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Cologne Will Return Drawing to Heirs of Elisabeth Linda Martens, Who Sold the Work While Fleeing the Nazis

Catherine Hickley of the Art Newspaper writes that a drawing by Adolph von Menzel, Blick über die Dächer von Schandau (View over the Roofs of Schandau), 1886, sold to art dealer Hildebrand Gurlitt by Elisabeth Linda Martens for the Wallraf-Richartz Museum’s collection in 1939, will be returned to Martens’s heirs. Martens likely used the money from the purchase to flee Germany, because her husband was classified as a Jew under the Nazi’s Nuremberg laws. The work was sold under duress.

Gurlitt’s collection has received a great deal of attention over the past few years because his son, Cornelius, had been hiding a trove of valuable artworks inherited from his father in his Munich apartment for decades. Some of these works were stolen by the Nazis or, indeed, taken by coercion.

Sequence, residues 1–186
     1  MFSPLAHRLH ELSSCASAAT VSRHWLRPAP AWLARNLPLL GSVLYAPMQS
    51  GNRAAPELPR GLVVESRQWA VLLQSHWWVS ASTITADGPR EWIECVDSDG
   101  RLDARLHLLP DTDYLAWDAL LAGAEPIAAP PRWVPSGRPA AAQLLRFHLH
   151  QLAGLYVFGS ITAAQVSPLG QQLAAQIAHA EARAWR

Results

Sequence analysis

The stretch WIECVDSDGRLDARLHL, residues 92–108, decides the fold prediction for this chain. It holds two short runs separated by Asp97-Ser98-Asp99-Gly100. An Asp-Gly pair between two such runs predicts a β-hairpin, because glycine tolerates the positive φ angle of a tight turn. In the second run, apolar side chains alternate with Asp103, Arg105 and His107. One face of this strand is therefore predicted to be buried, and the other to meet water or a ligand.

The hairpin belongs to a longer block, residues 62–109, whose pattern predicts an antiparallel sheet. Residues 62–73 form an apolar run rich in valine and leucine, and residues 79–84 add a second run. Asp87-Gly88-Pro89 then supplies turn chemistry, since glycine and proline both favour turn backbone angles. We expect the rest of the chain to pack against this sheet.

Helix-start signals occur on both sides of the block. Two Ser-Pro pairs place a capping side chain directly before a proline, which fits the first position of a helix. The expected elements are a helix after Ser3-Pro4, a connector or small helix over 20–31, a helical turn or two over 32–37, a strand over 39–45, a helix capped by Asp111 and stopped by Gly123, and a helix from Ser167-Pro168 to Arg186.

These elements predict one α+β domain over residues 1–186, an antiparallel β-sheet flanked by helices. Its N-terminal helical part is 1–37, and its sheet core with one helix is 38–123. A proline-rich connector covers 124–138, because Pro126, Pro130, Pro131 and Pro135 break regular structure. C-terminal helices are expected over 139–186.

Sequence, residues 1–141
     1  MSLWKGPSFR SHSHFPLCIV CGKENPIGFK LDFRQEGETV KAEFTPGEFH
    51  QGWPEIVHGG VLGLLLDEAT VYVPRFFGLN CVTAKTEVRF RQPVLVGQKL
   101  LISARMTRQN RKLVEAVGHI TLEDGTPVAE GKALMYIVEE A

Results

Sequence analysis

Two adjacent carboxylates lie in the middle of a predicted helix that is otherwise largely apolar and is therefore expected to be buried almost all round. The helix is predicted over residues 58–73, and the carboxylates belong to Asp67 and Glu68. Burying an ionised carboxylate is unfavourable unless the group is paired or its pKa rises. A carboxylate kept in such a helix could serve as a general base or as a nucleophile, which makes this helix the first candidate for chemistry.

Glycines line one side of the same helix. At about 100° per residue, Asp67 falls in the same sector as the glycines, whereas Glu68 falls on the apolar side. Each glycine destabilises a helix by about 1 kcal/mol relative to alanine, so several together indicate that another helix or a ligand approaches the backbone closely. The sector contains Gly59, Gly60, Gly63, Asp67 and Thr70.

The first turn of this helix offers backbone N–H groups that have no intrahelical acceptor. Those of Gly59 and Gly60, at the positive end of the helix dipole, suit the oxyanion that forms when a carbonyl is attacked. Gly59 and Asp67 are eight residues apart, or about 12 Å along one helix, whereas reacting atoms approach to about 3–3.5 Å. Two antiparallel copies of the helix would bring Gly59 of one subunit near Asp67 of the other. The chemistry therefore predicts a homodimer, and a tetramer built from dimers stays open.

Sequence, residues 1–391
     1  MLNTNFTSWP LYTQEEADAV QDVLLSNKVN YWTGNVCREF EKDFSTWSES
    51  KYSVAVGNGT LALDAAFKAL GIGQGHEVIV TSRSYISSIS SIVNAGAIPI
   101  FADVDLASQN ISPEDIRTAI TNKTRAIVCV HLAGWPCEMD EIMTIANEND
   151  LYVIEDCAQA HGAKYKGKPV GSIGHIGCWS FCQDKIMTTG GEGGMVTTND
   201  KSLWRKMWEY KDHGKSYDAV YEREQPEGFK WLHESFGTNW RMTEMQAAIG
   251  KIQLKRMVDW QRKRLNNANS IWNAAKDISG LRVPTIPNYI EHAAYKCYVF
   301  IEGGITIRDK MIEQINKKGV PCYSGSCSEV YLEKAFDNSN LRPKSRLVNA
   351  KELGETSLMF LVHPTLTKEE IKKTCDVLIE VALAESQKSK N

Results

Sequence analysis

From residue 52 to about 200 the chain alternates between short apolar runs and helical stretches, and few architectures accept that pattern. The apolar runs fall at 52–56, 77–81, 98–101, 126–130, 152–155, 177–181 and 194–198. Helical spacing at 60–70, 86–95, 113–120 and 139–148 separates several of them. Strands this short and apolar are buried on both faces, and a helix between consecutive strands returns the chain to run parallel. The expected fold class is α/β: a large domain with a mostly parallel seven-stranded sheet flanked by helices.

Hildebrand Gurlitt purchased numerous artworks for Hitler’s Führermuseum, which the dictator was planning to build in Linz. And Gurlitt purchased many pieces from terrified Jewish families, including several more Menzel drawings from members of the same family. Last year, a German government task force for repatriating Nazi-looted works suggested that another drawing by Menzel should be returned to the relatives of Elsa Helene Cohen, Martens’s mother-in-law.

Since Cornelius Gurlitt’s death in 2014, the art collection has been stuck in a legal mire. Cornelius’s cousin, Uta Werner, challenged his soundness of mind to make a will when he bequeathed the collection to the Kunstmuseum Bern. An investigation regarding Gurlitt’s mental capacity while he was drawing up his last will and testament will be presented during a hearing in a Munich court today. A decision will likely be announced in the coming weeks.